What is the best way to buy a car?

You can buy a car outright, use finance to pay for it, take out a loan, or even lease one, but the best way to pay for your new set of wheels will depend on how much you can afford and the type of model you’re after.

Rebecca Goodman Published on 05 July 2021. Last updated on 06 July 2021.
What is the best way to buy a car?

Buying a new car can be confusing as not only are there thousands of models to choose from, there’s also the question of how best to pay for the car.

From buying it outright, using a finance model or credit to buy it, to leasing instead of owning a car, here we explore all your options to help you decide the best way to finance your car.

Cash

The most straightforward and cheapest way to buy a car is to buy it outright with cash.

You hand over the money to the dealer, or whoever you’re buying it from, and then it is yours and you won’t need to make any further payments towards the cost of the car.

This option works if you’ve enough money to hand and can comfortably afford to spend it on the new car.

Aside from the usual costs of keeping a car such as servicing, insurance, road tax, fuel and parking, you won’t have to pay anything more towards the actual cost of the car if you buy it with cash.

You won’t need to pay any interest, unlike if you buy a car on finance or use a credit card or personal loan to pay for it.

Bear in mind you should always keep three to six months expenses in an instant access savings account in case of emergency, so think carefully before you spend too much of your savings on a new vehicle.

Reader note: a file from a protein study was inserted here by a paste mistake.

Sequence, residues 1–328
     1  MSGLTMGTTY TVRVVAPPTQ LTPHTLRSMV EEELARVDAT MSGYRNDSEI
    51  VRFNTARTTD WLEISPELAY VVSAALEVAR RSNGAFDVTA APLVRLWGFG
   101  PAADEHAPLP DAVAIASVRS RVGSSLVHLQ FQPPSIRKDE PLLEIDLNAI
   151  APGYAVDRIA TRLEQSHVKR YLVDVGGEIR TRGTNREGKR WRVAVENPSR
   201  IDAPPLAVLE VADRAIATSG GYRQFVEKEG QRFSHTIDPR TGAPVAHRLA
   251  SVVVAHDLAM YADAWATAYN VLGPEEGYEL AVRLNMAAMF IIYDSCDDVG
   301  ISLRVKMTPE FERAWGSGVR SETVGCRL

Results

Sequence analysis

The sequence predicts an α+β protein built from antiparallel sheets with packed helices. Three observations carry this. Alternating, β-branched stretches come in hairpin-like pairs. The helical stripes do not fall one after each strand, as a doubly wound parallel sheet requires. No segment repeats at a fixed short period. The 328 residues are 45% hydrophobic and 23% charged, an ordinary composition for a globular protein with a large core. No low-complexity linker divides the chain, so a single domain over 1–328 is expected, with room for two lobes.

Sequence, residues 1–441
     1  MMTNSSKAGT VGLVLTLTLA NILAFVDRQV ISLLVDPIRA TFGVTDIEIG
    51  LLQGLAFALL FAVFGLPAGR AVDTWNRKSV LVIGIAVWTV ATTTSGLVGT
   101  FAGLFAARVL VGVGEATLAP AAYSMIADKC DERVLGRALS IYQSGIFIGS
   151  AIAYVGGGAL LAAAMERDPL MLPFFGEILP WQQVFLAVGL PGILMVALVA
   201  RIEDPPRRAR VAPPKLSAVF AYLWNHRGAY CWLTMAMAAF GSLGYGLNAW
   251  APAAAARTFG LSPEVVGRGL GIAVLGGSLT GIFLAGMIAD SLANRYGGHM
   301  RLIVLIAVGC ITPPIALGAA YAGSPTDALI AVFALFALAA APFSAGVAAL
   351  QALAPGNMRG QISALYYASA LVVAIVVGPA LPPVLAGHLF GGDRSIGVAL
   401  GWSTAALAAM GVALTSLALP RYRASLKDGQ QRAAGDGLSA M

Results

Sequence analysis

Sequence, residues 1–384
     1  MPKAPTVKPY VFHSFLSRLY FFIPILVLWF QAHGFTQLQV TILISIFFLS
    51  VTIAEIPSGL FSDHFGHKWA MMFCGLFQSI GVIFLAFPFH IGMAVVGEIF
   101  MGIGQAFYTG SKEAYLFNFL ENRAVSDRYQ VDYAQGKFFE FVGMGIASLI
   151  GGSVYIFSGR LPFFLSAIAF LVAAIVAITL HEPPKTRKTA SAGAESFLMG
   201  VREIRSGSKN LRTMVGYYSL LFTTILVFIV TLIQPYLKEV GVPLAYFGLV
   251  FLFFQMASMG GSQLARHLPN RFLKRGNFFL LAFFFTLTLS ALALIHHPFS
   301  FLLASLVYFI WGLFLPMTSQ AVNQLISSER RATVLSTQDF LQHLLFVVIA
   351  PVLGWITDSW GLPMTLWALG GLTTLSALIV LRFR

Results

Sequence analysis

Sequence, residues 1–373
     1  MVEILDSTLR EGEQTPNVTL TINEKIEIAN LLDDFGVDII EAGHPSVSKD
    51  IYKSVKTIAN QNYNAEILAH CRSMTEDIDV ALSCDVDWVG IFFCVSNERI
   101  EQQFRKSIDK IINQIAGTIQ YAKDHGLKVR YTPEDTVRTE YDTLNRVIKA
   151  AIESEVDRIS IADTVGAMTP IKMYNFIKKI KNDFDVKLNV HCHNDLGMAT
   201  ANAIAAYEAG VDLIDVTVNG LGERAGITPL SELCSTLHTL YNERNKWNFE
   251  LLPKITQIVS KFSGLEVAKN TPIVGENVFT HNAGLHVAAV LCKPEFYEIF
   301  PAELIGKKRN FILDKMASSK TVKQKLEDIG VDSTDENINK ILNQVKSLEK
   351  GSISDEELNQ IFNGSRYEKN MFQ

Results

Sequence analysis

If you don’t have enough cash to buy a car outright, you can still use the money to pay for some of the cost or to put down a bigger deposit, so you can borrow a smaller amount to pay for the rest.

Credit card

If you don’t have the cash to buy a car outright, a credit card is an option. If you pay on a credit card, either for all of the cost or for the deposit, you will then need to clear the balance on the card before the due date on your statement otherwise you will start paying interest.

The exception is if you can get a card that offers 0% interest on new purchases. This could give you as much as 18 months or more before you need to start paying interest on the balance, and could be a cost-effective way of paying for your car if you can clear the bill during the interest-free period. However to qualify for an interest-free card you will need a good credit score.

Even if you do pay interest on the card, it’s worth looking at how much you’re being charged. If you are able to get a market-leading credit card, the interest might be relatively low - or at least less than you’d pay for a finance contract or a personal loan.